The dangers of re-gifting unwanted presents became the subject du jour at the NSW corruption inquiry.
Leading up to the 2011 state election, local vet and Liberal candidate Andrew Cornwell drove around Charlestown dispensing gifts to supporters.
ICAC: Andrew Cornwell admits taking bribe
Former Liberal MP tells a corruption inquiry he took bribe money from developers. Michaela Whitbourn reports from the Independent Commission Against Corruption in Sydney.
One of the unloved items in the boot was a Rex Newell painting that Mr Cornwell's parents had given to his wife Samantha Brookes for her birthday.
''Ah, it was, ah, like a farmhouse type scene, not the sort of thing we would have hung at home,'' Mr Cornwell told the Independent Commission Against Corruption on Thursday.
But the recipient of the gift - property developer Hilton Grugeon - insisted on paying for the artwork and he wrote out a cheque for $10,120 to Mr Cornwell's wife.
Mr Cornwell told the inquiry his father Brien said Rex Newell paintings could sell for anywhere between $1000 and $40,000.
But according to the Australian Art Sales Digest database, the best price ever achieved for a Newell work is a modest $1400 ($1540 including the buyer's premium). Indeed, the average price for a Newell is a very modest $288.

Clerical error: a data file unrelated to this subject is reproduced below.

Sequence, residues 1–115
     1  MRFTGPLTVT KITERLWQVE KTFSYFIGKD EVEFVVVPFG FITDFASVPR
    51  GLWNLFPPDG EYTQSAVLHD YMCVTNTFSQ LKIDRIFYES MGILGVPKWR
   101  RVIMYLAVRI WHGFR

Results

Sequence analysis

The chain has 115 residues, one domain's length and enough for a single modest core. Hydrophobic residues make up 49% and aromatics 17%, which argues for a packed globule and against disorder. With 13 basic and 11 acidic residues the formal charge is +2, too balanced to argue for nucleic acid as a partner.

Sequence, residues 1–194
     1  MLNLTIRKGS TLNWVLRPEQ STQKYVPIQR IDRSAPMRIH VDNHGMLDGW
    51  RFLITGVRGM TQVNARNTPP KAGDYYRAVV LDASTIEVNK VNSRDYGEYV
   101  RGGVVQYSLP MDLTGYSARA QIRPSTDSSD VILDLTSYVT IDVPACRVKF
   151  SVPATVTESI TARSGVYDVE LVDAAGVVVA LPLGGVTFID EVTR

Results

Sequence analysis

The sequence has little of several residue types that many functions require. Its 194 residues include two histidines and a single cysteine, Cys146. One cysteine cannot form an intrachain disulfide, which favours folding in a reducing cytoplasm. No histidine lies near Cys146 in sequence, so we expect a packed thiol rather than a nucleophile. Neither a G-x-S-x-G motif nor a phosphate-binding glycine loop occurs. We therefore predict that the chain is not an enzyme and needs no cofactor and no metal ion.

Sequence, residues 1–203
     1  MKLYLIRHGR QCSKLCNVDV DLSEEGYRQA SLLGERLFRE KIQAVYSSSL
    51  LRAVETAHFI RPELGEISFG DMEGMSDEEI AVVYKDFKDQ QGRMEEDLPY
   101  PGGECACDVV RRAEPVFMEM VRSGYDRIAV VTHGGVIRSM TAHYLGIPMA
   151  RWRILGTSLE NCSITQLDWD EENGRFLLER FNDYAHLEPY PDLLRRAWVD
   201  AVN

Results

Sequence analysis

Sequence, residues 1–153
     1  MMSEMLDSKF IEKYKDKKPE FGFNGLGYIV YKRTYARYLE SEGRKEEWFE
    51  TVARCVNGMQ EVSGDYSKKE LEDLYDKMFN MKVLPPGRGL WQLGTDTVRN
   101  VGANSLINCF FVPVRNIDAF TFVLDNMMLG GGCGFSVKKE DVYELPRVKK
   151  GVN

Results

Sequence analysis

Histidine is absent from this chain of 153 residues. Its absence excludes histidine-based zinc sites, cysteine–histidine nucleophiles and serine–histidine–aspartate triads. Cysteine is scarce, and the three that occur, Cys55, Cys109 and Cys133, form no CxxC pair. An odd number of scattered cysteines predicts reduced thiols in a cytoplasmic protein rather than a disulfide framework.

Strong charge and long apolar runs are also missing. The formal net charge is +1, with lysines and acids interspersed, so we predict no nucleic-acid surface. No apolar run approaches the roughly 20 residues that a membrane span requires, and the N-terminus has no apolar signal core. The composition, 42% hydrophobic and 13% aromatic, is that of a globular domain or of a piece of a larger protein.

The highest price for a Newell was paid at auction in 1997 for an oil on board work titled Wool Wagons. Another, Late for the Bush Races, achieved the same price in 1998.
A low point for the artist was his work The Farm, which fetched a meagre $23 when it went under the hammer in 2007.
Mr Cornwell agreed that accepting the money was tantamount to a bribe and that he should never have taken it.
Mr Cornwell's father, who was struck off as a solicitor in 2006, suggested to his son that the payment was above board.
The money was used by Mr Cornwell, who was a vet, to pay his annual tax bill. ''How did it come about that Mr Grugeon got the painting rather than a leg of ham?'' asked counsel assisting. Geoffrey Watson, SC.
''It was just, it was dumb luck to be honest, he was the last person I visited,'' said Mr Cornwell.